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Spiders, mice, bugs, poo in bins – hotels raise eyebrows

July 2, 2014 Headline News, Hotel News No Comments Email Email

egtmedia59Spiders and mice in the bed linen; dirty, greasy spa baths that caused itching and a rash; being billed for missing towels; aggressive, brawling neighbours; hair and mould in the shower; smoke detectors running rampant; arguments over debited security deposits; faeces lying in a backpacker hostel room rubbish bin; bedbugs and cockroaches – it’s enough to put you off hotels for life.

Fortunately, it’s just a few properties that generate such complaints. Fair Trading NSW has detailed some of the problems it encountered in the most recent period of review. That list of nasties in the first paragraph is almost verbatim from the release that accompanied the report on complaints about NSW hotels, motels and resorts.

NSW Fair Trading Commissioner Rod Stowe said between January 2013 and May 2014, Fair Trading received 589 enquiries and 530 complaints about hotels, motels and resorts.

The majority of enquiries and complaints were about refunds, cancellation rights and unsatisfactory accommodation.

Stowe said the variety of vermin-related complaints was dismaying, as was the refusal of some accommodation providers to offer appropriate recompense.

The list of cases is hair-raising, ranging from mice in a sofa to guests apparently  defecating in waste-paper bins. Here are some of the cases. Brace yourself!http://www.centarahotelsresorts.com/b2b/

  • Earlier this year a family paid AUD 175 for a night’s accommodation in Holbrook. When they entered the room they discovered numerous spiders in all the beds. The husband immediately complained to the manager who advised that an exterminator had attended the premises two weeks earlier. The manager then sprayed the room with fly spray and reassured the family it would be ok. They refused to stay in the room. Their daughter was terrified. The manager said he would take a 50 percent cancellation fee, despite the payment having been made onlyminutes earlier. After 10 minutes of argument, he reduced the fee to AUD 25.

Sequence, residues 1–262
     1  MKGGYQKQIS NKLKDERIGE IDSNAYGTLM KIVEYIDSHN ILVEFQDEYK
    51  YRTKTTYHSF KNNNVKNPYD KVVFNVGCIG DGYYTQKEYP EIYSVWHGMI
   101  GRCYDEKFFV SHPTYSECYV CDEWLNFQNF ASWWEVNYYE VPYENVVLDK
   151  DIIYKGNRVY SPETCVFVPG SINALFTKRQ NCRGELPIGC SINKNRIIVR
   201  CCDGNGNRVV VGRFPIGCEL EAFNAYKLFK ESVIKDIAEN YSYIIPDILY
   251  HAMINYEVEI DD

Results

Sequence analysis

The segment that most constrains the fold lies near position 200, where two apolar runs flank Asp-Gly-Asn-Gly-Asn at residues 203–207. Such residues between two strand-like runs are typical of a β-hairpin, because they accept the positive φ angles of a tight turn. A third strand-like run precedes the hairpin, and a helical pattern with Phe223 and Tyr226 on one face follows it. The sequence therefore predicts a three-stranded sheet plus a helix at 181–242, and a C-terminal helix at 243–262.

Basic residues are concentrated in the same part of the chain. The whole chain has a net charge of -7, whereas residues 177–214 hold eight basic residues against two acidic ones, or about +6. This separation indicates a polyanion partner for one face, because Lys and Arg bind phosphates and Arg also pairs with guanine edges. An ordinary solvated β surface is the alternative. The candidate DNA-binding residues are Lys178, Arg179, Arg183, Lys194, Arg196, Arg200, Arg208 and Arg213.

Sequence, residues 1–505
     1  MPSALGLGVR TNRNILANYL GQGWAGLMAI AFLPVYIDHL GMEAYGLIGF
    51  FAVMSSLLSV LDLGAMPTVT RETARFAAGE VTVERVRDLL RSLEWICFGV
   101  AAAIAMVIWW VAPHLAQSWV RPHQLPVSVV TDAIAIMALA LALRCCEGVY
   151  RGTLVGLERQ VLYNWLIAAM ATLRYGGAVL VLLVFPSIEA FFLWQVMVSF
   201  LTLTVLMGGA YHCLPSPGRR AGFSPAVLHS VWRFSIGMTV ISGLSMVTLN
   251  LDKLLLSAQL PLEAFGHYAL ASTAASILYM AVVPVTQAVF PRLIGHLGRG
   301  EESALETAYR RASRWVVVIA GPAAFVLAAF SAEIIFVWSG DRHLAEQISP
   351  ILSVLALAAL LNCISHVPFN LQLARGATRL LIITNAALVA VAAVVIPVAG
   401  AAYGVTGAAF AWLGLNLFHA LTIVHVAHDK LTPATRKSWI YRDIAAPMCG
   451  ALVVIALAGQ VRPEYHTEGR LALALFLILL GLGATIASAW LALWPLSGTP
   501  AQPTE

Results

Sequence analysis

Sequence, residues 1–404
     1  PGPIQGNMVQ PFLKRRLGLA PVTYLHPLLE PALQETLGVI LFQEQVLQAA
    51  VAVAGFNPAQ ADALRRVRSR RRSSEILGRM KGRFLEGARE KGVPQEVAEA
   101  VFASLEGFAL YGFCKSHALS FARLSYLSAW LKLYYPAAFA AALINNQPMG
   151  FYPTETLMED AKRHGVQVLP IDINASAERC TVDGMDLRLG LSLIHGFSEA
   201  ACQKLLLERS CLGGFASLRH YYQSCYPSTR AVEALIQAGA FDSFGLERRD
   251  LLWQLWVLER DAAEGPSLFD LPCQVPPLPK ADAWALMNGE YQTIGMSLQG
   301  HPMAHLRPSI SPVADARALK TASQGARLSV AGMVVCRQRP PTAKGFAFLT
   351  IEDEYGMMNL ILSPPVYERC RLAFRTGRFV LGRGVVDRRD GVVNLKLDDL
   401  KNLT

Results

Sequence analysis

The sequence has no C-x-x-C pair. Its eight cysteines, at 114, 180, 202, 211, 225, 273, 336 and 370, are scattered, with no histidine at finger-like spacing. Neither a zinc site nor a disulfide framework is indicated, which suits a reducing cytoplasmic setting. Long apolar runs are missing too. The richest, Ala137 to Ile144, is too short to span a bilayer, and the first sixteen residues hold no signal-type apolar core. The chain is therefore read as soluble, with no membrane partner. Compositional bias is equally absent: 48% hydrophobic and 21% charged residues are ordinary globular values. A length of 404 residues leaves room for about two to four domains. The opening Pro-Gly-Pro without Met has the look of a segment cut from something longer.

• In another case, a family booked into a motel in Moree and soon found mice droppings through all the bed linen and along bedside tables. Two employees were sent to change the sheets and clean up the droppings, but without a vacuum cleaner. When one was asked why they were kicking the sofa, he replied: “That is where the mouse usually goes!” A refund was provided only after Fair Trading intervention and after the consumer suffered stalling by the manager for many weeks.
  • A family who booked into a motel in Macksville found their room invaded by bugs and ended up leaving their accommodation the following day, despite having paid for a second night. Mother and daughter both suffered nasty bites but when the mother reported the bug infestation to management, she was shown no sympathy but instead was treated rudely and provided with only a AUD 40 refund on a AUD 300 accommodation bill, she told Fair Trading.
  • Another consumer on a road trip sought a bed for the night in Wollongong and checked into a local hotel. When he switched off the light to retire for the night, he was kept awake by loud scratching. He turned on the light to discover two gigantic cockroaches in the bathroom. Although he rolled up a towel to block their access to the bedroom he had a sleepless night due to the persistent sound of the pests.
  • Stowe said in a further case, a consumer was accused of stealing four towels after he left his hotel room in Newcastle. The man told Fair Trading he had left the key in the door of the room on departure and was surprised to be later charged for the missing towels. Fair Trading managed to negotiate a refund of the charge.
  • In an additional distasteful complaint, a couple booked into a motel in Cootamundra and upon using the spa bath, found a black substance oozing from the filter. The husband ended up with an itchy rash but was told by the manager the black substance was rubber. When they complained and were moved to another room the following day they suffered the same experience – a black substance emerging from the filter. This time the manager told the couple they were “dirty people”, even though they hadn’t even entered the spa this time. They were only offered a AUD145 refund on one night.

Stowe said many accommodation traders were willing to provide redress particularly when contacted by Fair Trading.